• It is important to use effective writing techniques in an application letter. Three basic persuasion techniques are: use facts and evidence, apply logic and reason, and appeal to the intelligence and emotions of the reader. Combine the three to create valid points that relate directly to the topics in the advert or announcement for the educational program you are applying for.
  • If there is a list of selection criteria, make sure you address each point on the list.
  • Each point can be built into a paragraph, using notes and paraphrased material from your certificates, testimonials, and other reference materials.
  • Deciding on a writing style is easy—everything must be semi-formal and precise: do not make the mistake of using conversational language, since it is inappropriate for an application letter.

Do and Don’t


  • Do make a solid effort to assemble the right documents. A birth certificate or passport is nearly always needed. Proof of residence, testimonials of previous positions held, letters of support from previous employers, instructors, and supervisors or colleagues, are generally what is needed.
  • Do compose a clear and sensible cover letter in precise language from the start: this will enable you to easily edit your letter when you have reached that stage.
  • Do write several drafts, with a sense of progress and improvement with each one you write.
  • Do understand clearly what is expected of you and which documents you are expected to attach to your application.

  • Don’t underestimate the skill and knowledge of the people representing the educational institution: there is always one person who understands your situation and who can visualize whether you are the right candidate to form part of the year’s intake.
  • Don’t forget that application process is extremely competitive. Other applicants want that place in an educational institute just as much as you do. You must prove to the committee that there is no other candidate more appropriate than you.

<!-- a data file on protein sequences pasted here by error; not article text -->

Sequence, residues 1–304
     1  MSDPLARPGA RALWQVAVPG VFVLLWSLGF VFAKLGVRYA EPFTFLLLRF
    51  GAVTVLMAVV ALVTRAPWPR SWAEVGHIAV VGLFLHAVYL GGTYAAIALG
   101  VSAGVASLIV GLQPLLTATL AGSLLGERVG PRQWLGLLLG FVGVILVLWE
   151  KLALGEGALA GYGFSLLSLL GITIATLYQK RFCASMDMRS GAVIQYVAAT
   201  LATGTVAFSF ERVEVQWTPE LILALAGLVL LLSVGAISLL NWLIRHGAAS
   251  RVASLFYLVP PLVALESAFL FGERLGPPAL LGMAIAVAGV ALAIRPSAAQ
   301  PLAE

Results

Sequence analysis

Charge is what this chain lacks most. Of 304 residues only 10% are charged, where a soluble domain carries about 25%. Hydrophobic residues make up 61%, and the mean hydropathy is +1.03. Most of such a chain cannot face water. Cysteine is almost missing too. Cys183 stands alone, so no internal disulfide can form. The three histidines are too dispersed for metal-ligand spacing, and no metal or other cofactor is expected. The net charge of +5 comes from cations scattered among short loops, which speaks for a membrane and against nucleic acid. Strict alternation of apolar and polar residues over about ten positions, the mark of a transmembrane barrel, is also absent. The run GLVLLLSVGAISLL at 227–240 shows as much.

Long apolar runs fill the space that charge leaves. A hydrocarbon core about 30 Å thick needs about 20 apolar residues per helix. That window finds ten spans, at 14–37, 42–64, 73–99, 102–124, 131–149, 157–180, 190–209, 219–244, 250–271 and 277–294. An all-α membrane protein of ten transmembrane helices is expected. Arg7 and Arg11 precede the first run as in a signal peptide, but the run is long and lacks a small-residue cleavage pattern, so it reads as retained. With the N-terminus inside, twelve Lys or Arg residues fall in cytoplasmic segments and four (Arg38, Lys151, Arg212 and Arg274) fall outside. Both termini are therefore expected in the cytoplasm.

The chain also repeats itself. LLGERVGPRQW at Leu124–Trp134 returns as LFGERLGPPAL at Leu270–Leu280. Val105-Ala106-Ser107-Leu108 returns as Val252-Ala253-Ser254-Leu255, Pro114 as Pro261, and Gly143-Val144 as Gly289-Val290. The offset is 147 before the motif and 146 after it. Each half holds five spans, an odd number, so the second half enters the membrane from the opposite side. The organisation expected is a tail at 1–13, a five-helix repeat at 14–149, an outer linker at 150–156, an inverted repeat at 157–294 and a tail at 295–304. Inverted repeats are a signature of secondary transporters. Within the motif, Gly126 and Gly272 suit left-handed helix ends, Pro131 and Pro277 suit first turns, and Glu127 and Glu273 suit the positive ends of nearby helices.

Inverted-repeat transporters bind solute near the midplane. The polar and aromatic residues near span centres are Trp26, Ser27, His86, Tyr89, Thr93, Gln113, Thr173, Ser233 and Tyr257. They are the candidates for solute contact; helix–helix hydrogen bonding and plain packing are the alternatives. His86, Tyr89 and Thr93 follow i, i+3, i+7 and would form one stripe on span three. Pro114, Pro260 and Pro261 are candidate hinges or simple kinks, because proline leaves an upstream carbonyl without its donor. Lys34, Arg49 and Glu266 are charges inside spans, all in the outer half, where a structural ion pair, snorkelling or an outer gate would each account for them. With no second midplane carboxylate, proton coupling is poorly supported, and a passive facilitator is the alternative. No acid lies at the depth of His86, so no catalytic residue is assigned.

• Don’t cut corners and think you can get away with overstating your abilities or by lying about the way you achieved your educational goals. Truthfulness and honesty are detectable, and act in your favor.

Common Mistakes

  • It is a mistake to try to be too persuasive. The educational institution needs to enroll excellent students who will uphold the reputation of the college or university: what they seek are diligent people who show plenty of promise
  • The most common mistake found in application letters is a failure to mention one’s skills and aptitudes. A list of these, and how they were achieved and developed, is an important part of the application package.
  • It is not wise to omit anything of importance. When you realize it is a matching exercise, you must try to be a perfect match, mentioning all experience and credentials truthfully but clearly.
  • A frequently-seen flaw is rushed or unprepared writing. Research the educational institution carefully and try to find out as much as you can about their ethos, traditions, activities, and reputation. Make clear notes and build paragraphs of well-prepared writing gradually and with confidence.
  • Lack of structure or a piece missing from the required package will set your application back. It is extremely important to understand what information you need to provide, and to address each aspect personally and clearly. You must express why you want to attend above all others, and how important it is as part of your life plan.
  • Poor language skills, inappropriate or irrelevant vocabulary, the wrong tone, and errors in punctuation, grammar, syntax, and structure demonstrate low aptitude. An application letter is like a sample of the kind of person you are and the kind of work you are capable of. Attention to detail is vital.

Now that you have acquainted yourself with the basic application letter writing tips and rules, you can check our application letter samples to link theory with practice.

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Samples for Writing an Application Letter